Further developments of this doctrine about Christ's death find in it the complete destruction of whatever remained of the Law (Colossians 2:14), especially as the barrier between Jew and Gentile (Ephesians 2:15 f). The extension of the effects of the death to the unseen world (Colossians 2:15; compare Galatians 4:9 Ephesians 4:8) was of course natural.
5. Moral Example:
The death of Christ as producing a subjective moral power in the believer is appealed to frequently (compare Romans 8:3 Galatians 2:20 Ephesians 5:2, 25 Philippians 2:5, etc.), while the idea is perhaps present to some degree even in Romans 3:26. From a different point of view, the Cross as teaching the vanity of worldly things is a favorite subject with Paul (1 Corinthians 1:22-25 2 Corinthians 13:4 Galatians 5:11; Galatians 6:14, etc.). These aspects require no explanation.
There are, accordingly, in Paul's view of the death of Christ at least three distinct lines, the "mystical," the "juristic," and the "ethical." But this distinction is largely only genetic and logical, and the lines tend to blend in all sorts of combinations. Consequently, it is frequently an impossible exegetical problem to determine which is most prominent in any given passage (e.g. 2 Corinthians 5:14).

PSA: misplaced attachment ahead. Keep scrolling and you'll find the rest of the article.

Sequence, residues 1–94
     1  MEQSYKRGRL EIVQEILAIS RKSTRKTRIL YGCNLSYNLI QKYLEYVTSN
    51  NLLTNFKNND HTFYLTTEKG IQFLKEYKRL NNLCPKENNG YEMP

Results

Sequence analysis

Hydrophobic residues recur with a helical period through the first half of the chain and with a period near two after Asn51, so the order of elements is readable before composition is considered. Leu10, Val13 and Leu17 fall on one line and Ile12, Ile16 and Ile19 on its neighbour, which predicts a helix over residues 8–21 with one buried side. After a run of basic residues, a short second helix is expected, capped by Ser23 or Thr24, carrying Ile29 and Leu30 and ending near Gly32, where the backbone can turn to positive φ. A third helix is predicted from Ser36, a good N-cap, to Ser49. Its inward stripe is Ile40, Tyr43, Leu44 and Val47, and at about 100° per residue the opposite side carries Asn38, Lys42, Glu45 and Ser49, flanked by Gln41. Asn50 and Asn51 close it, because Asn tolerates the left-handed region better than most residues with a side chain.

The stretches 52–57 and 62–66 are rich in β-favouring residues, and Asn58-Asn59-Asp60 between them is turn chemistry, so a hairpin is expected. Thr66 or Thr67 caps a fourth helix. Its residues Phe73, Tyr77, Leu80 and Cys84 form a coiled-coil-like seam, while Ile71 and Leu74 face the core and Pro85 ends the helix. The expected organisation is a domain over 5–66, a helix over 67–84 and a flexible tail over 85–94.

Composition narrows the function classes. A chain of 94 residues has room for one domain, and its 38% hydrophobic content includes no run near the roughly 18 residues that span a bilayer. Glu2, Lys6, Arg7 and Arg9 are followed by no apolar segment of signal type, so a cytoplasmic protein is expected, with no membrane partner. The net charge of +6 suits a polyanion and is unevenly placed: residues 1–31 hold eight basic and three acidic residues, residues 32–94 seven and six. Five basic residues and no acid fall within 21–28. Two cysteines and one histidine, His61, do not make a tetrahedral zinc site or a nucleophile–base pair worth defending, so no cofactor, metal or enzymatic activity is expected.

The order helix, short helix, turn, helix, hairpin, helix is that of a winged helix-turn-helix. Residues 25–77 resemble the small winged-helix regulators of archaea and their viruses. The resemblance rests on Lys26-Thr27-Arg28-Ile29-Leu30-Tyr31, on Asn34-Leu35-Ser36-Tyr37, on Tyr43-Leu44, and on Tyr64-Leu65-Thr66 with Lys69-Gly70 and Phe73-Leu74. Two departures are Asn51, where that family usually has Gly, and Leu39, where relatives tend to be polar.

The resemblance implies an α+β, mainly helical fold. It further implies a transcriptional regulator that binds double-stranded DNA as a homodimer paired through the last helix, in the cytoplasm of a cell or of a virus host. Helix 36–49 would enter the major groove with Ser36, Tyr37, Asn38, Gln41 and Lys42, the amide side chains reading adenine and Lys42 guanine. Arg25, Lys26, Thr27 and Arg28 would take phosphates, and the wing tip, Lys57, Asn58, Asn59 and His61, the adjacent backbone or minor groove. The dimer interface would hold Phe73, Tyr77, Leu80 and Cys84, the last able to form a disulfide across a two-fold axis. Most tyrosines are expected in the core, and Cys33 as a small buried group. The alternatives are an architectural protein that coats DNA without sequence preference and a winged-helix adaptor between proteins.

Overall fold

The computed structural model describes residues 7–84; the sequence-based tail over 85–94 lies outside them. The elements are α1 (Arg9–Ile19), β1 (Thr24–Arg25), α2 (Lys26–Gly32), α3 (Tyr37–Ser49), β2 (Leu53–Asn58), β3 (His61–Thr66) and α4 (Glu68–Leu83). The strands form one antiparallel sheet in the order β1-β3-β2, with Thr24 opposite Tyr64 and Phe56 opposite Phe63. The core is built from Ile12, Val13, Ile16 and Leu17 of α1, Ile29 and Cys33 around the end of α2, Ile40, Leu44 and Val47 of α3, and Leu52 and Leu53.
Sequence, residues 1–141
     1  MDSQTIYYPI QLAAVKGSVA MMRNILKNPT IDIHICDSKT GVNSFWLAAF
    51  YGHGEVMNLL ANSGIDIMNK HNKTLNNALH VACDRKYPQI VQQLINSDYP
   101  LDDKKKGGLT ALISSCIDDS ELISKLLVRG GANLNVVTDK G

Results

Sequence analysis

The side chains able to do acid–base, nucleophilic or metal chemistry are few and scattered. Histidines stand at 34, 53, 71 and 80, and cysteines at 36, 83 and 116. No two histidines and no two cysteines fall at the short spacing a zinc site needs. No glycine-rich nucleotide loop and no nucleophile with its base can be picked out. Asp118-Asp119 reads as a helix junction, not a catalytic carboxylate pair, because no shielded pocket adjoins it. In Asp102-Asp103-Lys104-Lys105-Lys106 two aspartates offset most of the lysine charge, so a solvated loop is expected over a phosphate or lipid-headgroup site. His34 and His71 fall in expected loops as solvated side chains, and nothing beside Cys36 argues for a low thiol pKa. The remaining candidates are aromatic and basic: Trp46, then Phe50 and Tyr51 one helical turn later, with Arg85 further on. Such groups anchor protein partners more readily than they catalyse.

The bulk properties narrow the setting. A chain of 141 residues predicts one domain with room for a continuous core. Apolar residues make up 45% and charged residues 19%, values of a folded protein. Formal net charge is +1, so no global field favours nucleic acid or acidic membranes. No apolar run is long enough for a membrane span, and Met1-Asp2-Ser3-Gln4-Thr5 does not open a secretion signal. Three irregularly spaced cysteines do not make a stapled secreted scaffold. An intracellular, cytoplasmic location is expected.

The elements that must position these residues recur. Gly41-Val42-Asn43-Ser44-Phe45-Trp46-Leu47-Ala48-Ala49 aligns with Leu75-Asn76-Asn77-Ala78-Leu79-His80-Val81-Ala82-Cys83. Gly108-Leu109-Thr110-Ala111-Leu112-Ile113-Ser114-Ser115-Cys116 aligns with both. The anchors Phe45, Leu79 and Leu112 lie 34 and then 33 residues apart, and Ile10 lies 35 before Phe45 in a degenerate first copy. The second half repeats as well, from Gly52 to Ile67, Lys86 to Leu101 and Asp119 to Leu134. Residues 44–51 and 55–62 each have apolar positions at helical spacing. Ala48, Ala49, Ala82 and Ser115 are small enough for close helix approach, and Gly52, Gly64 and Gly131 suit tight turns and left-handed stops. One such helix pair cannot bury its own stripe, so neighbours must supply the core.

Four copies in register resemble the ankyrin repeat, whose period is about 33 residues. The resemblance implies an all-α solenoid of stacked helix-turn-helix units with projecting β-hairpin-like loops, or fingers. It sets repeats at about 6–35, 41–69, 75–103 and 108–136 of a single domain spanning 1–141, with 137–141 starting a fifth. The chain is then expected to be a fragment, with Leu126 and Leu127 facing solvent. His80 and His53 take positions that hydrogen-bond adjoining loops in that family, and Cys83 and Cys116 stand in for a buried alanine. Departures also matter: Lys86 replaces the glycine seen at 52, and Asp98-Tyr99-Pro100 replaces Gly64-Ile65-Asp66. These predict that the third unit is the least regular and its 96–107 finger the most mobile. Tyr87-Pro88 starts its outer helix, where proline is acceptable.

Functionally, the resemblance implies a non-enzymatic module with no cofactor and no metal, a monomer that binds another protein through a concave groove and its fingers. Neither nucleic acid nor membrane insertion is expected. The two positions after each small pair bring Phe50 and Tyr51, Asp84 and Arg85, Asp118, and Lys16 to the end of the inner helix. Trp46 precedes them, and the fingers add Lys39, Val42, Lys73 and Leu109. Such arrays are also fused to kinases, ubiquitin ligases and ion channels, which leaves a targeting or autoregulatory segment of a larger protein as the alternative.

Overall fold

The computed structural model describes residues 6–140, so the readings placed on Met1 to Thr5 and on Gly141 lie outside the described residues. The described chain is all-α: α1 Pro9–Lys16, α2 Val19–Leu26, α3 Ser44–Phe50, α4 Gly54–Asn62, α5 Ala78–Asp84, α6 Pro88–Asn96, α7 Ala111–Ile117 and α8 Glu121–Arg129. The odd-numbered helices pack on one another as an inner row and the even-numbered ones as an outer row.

6. Function of the Law:
Regarding the Law a further question remained, which had great importance in Paul's controversies. If the Law was useless for salvation, why was it given at all? Paul replies that it still had its purpose. To gain righteousness one must desire it and this desire the Law taught (Romans 7:12, 16; Romans 2:18), even though it had no power to help toward fulfillment. So the Law gave knowledge of sin (Romans 3:20; Romans 7:7). But Paul did not hesitate to go beyond this. Familiar in his own experience with the psychological truth that a prohibition may actually stimulate the desire to transgress it, he showed that the Law actually had the purpose of bringing out all the dormant evil within us, that grace might deal with it effectually (Romans 5:20; Romans 7:8, 25; compare 1 Corinthians 15:56). Thus the Law became our paidagogos "to bring us unto Christ" (Galatians 3:24; see SCHOOLMASTER), and came in "besides" (Romans 5:20), i.e. as something not a primary part of God's plan. Indeed, this could be shown from the Law itself, which proved that faith was the primary method of salvation (Romans 4; compare Galatians 3:17) and which actually prophesied its own repeal (Galatians 4:21-31). With this conclusion, which must have required much time to work out, Paul's reversal of his former Pharisaic position was complete.
IV. Special Topics.
1. The Church:
As Christ is the central element in the life of the believer, all believers have this element in common and are so united with each other (Romans 12:5). This is the basis of the Pauline doctrine of the church.
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See BIBLICAL THEOLOGY; JOHANNINE THEOLOGY; PAULINE THEOLOGY.